|The Saint Nicholas bridge chapel on the Pont d'Avignon in France.|
In addition to offering places of worship for passersby wishing for safe travel, they served as chantries for priests who lived within them. While in residence, the priests could hold mass (or chant for the souls of the dead) and collect tolls and contributions from passing benefactors.
During the Middle Ages, bridge chapels were incorporated into bridges throughout Europe. Bridge building not only connected towns by providing improved navigation, it also served a symbolic spiritual purpose. Assisting in the construction of bridges was considered part of a person’s religious duty and could lead to salvation. As a form of charity, contributions to the bridge chapel were also seen as an act of devotion, particularly since bridges were sometimes associated with the road to heaven.
One of the earliest surviving examples of a bridge chapel is the Chapel of Saint Nicholas on the Pont d'Avignon. Built in the 12th century, this bridge chapel was constructed directly onto the pier of the bridge. It has been modified through the centuries but is still well preserved.
Bridge chapels were also constructed in England during the 12th century. In 1176, Peter Colechurch began work on the first version of London Bridge, but he died before the project was finished. The work was completed in 1209 by Isembert, a French monk, and it included only one building - a stone bridge chapel dedicated to St Thomas Becket. This was converted to a house during the Reformation and was eventually demolished in 1832.
Prior to the Reformation, bridge chapels were common in England. However, in the mid-1500s, religious change swept through the country, bringing with it the end of many traditions associated with Catholicism. Prayers for the dead were outlawed, and many bridge chapels and chantries were destroyed. However, some were preserved due to their structural significance and were modified for a variety of other non-religious purposes.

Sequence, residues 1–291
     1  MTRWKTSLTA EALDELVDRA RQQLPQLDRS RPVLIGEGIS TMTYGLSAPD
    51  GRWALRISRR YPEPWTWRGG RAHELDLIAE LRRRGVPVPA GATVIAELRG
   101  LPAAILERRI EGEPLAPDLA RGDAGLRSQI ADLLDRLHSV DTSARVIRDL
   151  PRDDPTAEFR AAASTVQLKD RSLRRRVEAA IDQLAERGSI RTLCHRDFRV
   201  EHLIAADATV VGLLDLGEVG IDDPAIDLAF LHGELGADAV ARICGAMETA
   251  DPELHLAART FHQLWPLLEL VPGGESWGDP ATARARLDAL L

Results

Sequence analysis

Four structural bridge chapels of England
|The old Chantry Bridge and Chapel over the River Calder is just under 100m long; it was widened in 1758 and 1797.|
The exact dates for the construction of the Chantry Bridge and Chapel are not known, but permission to build the bridge was given in 1342. It is believed that construction was halted during the period of the Black Death, but the chapel was licensed in 1356. A later decree from 1444 records the presence of a formidable chapel with noteworthy carvings built for the Blessed Virgin Mary.
After the Reformation, the Wakefield Chantry Bridge was preserved because it served as a structural support for the bridge. However, it was repurposed as a warehouse, shop, library and other functions until the 1840s, when it was transferred to the Church of England.
At this point, funding was raised for a significant restoration by Sir George Gilbert Scott. The project was poorly executed, due to the selection of unsuitable stone materials and excessive rebuilding, including the removal and eventual relocation of the 14th century carved facade, which was sold off and used as a folly at nearby Kettlethorpe Hall. It was eventually destroyed by vandals in 1995, although efforts have been made to collect and save the surviving stones.